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Home School of Transportation Blog 2014 February 18 Students who obtain careers before program enrolment

Students who obtain careers before program enrolment

Male Heavy Duty Equipment student works outside and holds a measuring equipment


Students go to school to obtain a career, hopefully with a profession, company, and industry in mind. Some use college as a way of exploration in various opportunities. The knowledge and skills learned in school are valuable to employers, but there may still be some qualifications that cannot be specified in school since they are internal to the company. Wouldn’t it be great if you know who you would work for, so you can tailor your learning for that company?

There is a path for students in the School of Transportation, where they are employed first before enrolling into the programs. The following companies partnered with Centennial to provide their employees further education while still working as apprentices: Canadian Tire, Ford Motor Company of Canada Limited, General Motors of Canada, Honda Canada Inc., and Toyota Canada. Each company offers the Automotive Service Technician program through a modified apprenticeship. Most of the programs involve 32 weeks in class, learning about motor vehicle gear trains, electrical/electronics & fuel systems, engine systems, suspension/steering and brakes, and work practices and procedures. Others have four eight-week blocks of class time, alternating with apprenticeship work terms.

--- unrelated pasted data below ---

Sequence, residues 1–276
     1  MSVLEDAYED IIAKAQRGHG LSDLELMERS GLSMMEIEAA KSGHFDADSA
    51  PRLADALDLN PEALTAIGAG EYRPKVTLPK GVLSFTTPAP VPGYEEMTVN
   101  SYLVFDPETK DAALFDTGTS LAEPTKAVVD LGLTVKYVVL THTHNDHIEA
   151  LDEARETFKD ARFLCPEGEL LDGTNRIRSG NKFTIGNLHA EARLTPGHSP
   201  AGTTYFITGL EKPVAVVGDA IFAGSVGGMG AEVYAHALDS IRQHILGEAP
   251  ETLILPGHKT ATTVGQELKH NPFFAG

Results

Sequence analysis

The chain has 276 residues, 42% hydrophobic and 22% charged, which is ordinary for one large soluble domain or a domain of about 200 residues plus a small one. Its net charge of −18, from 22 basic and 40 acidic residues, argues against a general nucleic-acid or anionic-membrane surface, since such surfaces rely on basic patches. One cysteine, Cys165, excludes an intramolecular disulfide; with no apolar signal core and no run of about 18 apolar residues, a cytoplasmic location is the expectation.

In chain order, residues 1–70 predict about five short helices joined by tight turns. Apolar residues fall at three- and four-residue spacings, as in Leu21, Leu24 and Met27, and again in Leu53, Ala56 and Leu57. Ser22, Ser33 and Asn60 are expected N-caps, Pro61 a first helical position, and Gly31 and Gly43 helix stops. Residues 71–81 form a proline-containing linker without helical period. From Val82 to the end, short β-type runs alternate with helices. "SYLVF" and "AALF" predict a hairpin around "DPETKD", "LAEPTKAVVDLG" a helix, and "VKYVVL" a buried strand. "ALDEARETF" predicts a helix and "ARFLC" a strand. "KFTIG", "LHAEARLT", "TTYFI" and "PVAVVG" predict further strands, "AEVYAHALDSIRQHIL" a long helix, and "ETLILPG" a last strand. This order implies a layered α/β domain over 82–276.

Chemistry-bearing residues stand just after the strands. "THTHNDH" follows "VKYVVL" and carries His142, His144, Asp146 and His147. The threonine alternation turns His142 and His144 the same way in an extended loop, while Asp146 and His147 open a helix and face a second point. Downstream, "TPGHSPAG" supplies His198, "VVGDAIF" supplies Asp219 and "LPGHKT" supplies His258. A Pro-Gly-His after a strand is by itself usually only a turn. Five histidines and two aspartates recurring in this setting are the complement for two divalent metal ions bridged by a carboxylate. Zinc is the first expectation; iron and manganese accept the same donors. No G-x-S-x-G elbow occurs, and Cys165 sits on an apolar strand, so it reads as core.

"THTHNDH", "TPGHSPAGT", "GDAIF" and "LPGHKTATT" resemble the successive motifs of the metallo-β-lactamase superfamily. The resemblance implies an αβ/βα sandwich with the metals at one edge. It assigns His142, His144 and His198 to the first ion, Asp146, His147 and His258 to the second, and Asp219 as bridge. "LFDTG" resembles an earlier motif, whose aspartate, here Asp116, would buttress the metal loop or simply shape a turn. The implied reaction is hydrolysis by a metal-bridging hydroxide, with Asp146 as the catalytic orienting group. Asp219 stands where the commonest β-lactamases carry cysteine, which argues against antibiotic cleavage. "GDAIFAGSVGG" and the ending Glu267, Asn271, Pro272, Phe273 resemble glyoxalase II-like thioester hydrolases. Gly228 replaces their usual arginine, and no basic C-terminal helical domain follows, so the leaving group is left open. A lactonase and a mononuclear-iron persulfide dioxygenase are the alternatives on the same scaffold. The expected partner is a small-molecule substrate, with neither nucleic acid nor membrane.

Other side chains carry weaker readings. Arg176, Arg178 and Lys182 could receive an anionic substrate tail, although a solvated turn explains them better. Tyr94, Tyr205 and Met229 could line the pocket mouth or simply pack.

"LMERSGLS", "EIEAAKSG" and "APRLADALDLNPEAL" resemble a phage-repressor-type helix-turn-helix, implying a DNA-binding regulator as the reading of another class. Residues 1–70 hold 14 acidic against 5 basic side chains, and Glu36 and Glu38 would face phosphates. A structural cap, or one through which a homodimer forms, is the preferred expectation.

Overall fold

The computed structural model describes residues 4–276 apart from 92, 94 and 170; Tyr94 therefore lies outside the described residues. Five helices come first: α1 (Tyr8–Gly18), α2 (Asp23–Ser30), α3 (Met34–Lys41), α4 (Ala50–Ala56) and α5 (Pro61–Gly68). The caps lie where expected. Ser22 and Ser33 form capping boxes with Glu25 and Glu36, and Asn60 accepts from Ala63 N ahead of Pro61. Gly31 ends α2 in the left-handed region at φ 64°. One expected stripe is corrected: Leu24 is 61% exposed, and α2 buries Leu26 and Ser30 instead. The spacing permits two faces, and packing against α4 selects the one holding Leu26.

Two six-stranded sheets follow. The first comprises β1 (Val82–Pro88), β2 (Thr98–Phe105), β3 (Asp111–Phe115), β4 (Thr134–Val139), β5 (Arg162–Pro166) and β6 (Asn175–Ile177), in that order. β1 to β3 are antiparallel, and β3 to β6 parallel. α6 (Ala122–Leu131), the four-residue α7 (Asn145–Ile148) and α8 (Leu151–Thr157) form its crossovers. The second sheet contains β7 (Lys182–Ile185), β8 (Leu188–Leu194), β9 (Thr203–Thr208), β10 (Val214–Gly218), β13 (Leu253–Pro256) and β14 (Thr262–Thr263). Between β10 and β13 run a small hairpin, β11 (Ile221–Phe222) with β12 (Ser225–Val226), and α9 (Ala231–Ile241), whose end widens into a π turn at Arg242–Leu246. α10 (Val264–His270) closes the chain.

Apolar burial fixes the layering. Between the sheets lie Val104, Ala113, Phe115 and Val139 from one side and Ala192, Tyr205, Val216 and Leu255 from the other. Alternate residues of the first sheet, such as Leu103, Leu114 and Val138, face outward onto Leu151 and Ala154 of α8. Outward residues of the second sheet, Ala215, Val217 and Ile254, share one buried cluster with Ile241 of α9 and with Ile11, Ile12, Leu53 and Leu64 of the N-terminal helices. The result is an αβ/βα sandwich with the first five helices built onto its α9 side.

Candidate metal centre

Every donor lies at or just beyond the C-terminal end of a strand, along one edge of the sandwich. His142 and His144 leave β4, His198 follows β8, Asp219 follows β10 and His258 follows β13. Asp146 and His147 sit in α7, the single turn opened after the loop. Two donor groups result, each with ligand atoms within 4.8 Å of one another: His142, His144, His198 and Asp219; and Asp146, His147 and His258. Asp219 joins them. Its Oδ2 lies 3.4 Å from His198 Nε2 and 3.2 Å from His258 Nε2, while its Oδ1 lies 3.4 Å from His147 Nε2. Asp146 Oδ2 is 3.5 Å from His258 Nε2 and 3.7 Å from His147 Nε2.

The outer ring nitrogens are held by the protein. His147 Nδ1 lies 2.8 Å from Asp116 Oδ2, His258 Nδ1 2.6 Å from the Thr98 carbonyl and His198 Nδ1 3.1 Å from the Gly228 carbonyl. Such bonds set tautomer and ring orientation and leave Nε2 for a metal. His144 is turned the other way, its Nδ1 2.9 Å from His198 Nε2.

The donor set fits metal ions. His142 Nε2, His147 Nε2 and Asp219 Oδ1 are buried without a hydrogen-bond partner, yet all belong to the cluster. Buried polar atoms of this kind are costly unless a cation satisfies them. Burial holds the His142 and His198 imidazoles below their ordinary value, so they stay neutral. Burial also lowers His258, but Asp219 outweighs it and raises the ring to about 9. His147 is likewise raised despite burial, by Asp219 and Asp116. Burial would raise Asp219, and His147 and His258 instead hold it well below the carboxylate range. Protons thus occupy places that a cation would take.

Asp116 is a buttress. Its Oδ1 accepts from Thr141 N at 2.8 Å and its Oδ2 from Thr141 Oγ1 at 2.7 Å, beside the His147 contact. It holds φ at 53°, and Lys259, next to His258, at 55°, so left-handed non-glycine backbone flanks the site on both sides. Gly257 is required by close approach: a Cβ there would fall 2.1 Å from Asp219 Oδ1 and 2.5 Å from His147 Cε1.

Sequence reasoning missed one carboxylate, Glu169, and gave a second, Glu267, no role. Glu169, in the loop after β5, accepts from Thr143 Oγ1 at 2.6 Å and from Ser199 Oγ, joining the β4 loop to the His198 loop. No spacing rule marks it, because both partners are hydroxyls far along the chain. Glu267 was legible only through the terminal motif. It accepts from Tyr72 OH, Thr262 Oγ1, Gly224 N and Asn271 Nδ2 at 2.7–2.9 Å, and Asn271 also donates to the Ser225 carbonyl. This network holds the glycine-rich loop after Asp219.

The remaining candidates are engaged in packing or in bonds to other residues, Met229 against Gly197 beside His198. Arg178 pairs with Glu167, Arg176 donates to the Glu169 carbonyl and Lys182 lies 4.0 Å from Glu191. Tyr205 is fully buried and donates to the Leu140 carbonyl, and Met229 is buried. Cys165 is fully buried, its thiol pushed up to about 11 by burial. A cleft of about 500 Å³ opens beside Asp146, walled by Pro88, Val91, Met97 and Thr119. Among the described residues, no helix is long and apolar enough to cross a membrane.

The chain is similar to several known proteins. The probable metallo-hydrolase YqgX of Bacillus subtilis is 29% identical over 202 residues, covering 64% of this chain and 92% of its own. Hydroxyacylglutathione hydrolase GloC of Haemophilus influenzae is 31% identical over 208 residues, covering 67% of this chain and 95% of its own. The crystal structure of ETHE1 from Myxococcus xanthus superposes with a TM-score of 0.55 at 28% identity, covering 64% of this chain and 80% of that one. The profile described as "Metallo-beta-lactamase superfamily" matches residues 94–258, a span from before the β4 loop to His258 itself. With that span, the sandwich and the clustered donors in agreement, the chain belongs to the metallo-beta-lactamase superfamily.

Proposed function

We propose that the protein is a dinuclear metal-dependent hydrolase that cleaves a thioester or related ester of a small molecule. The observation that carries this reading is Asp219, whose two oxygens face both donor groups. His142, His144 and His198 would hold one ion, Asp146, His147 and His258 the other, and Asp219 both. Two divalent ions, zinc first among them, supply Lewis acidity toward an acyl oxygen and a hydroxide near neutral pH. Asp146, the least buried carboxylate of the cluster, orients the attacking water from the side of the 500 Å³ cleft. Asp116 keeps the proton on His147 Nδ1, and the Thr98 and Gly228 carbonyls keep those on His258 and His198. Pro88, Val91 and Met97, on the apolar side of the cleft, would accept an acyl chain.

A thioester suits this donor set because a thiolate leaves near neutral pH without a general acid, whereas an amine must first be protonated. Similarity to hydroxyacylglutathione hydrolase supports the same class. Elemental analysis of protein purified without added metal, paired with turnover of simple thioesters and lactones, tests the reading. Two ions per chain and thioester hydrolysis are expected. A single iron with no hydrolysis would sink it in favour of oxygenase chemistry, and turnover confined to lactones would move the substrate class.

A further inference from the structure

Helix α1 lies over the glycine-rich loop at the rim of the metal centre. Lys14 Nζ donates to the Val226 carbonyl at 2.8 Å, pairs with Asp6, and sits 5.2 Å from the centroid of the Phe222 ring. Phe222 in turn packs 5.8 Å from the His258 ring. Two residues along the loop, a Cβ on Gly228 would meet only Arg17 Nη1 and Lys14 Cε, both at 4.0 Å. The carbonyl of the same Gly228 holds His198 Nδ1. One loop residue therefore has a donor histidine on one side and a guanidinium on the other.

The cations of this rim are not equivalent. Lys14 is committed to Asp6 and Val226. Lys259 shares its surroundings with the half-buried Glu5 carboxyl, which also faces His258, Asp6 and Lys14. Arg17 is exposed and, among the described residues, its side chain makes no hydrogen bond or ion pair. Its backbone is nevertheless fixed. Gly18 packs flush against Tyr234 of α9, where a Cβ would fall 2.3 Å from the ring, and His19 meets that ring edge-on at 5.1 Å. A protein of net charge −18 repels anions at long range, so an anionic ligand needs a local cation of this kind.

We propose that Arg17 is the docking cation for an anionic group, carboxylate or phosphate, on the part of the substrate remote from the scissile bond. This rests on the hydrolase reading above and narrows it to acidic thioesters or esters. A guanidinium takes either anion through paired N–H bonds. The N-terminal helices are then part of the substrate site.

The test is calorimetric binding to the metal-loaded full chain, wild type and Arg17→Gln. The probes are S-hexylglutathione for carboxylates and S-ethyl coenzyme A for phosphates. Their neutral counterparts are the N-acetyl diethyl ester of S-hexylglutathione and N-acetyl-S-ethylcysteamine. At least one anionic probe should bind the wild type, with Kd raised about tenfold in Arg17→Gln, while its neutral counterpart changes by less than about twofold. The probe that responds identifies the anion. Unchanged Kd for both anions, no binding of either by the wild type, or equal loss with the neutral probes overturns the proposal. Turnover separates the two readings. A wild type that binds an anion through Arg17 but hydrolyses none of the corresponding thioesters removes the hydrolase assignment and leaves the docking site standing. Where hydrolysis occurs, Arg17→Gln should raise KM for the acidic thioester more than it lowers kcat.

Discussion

These students are more than just mechanics, but with a broad spectrum of knowledge as technology advances the way they operate in the workplace.  They have the experience, but gain more in-depth academic training and further practical training through the college system. Since this is a skilled trade, the government offers them with up to $4000 in various grants and tax incentives. Meanwhile, employers can claim $48,000 over four years in various federal and provincial tax incentives. It’s a win-win situation for both parties.

Learning is at its best when students dive into practicing their trade. Students can only graduate once they have successfully completed a checklist of skills performed in their apprenticeship. They continue to work with their employers, with college education on their credential and having a broader sense of understanding of why they perform the tasks, giving them more critical and analytical skills to solve various work issues.